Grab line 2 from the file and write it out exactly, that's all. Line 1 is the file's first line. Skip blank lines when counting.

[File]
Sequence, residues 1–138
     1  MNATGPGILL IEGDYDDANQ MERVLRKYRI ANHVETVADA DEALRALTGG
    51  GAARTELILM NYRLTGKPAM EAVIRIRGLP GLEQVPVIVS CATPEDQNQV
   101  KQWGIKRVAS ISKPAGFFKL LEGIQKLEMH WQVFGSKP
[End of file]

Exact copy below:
     1  MNATGPGILL IEGDYDDANQ MERVLRKYRI ANHVETVADA DEALRALTGG